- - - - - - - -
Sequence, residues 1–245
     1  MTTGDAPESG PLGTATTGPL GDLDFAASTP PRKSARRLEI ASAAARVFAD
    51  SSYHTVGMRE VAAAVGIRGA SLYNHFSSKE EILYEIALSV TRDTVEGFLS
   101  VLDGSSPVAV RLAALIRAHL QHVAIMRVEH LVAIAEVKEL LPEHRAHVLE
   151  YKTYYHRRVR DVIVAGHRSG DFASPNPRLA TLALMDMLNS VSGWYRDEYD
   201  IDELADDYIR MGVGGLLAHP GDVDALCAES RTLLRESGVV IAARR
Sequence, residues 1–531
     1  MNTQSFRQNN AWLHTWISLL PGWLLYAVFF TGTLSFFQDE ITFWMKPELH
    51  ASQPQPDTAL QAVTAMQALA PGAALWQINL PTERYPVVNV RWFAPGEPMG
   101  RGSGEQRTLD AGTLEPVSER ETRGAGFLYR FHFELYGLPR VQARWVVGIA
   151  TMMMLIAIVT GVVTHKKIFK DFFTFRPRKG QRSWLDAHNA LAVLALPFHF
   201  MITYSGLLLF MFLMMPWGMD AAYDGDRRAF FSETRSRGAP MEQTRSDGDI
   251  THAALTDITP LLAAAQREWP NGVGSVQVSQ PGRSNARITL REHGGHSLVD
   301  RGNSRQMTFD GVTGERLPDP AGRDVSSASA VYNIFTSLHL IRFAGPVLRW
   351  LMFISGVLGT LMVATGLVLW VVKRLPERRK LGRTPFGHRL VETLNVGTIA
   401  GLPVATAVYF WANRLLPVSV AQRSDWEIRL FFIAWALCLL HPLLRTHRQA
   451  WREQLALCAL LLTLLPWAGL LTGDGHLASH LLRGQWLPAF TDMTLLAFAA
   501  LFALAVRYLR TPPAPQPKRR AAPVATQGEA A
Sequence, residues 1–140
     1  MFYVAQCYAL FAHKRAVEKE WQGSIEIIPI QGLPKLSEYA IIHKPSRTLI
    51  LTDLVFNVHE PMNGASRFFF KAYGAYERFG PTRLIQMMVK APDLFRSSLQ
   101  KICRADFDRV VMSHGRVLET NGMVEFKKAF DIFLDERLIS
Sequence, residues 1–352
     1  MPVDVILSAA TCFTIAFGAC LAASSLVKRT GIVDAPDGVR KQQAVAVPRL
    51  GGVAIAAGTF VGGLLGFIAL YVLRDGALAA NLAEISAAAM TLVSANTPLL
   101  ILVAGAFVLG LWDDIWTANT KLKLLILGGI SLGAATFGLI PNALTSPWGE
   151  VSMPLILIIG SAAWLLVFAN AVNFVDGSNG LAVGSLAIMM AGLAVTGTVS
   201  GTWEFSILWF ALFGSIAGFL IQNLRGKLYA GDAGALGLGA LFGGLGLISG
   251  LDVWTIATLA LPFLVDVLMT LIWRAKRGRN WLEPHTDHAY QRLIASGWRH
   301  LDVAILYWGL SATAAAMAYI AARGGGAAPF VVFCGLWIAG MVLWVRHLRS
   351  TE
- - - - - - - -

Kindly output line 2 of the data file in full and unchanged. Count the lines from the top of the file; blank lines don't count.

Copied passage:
     1  MTTGDAPESG PLGTATTGPL GDLDFAASTP PRKSARRLEI ASAAARVFAD